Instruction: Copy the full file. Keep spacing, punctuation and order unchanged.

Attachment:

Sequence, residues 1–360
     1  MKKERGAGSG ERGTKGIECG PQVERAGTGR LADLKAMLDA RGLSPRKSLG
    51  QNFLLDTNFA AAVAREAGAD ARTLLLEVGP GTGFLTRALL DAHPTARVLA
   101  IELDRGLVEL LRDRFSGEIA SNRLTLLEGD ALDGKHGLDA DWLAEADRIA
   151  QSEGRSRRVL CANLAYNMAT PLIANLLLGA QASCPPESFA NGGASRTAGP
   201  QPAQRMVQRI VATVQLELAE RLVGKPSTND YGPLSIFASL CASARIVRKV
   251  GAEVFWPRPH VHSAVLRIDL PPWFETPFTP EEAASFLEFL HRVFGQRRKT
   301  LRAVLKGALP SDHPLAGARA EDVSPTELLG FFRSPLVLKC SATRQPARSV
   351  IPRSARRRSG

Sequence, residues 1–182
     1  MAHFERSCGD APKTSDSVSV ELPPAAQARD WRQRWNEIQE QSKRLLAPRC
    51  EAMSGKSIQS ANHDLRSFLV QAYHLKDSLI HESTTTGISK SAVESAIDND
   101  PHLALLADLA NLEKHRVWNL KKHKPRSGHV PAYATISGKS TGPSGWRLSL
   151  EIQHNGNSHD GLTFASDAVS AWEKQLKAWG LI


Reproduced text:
Sequence, residues 1–360
     1  MKKERGAGSG ERGTKGIECG PQVERAGTGR LADLKAMLDA RGLSPRKSLG
    51  QNFLLDTNFA AAVAREAGAD ARTLLLEVGP GTGFLTRALL DAHPTARVLA
   101  IELDRGLVEL LRDRFSGEIA SNRLTLLEGD ALDGKHGLDA DWLAEADRIA
   151  QSEGRSRRVL CANLAYNMAT PLIANLLLGA QASCPPESFA NGGASRTAGP
   201  QPAQRMVQRI VATVQLELAE RLVGKPSTND YGPLSIFASL CASARIVRKV
   251  GAEVFWPRPH VHSAVLRIDL PPWFETPFTP EEAASFLEFL HRVFGQRRKT
   301  LRAVLKGALP SDHPLAGARA EDVSPTELLG FFRSPLVLKC SATRQPARSV
   351  IPRSARRRSG

Sequence, residues 1–182
     1  MAHFERSCGD APKTSDSVSV ELPPAAQARD WRQRWNEIQE QSKRLLAPRC
    51  EAMSGKSIQS ANHDLRSFLV QAYHLKDSLI HESTTTGISK SAVESAIDND
   101  PHLALLADLA NLEKHRVWNL KKHKPRSGHV PAYATISGKS TGPSGWRLSL
   151  EIQHNGNSHD GLTFASDAVS AWEKQLKAWG LI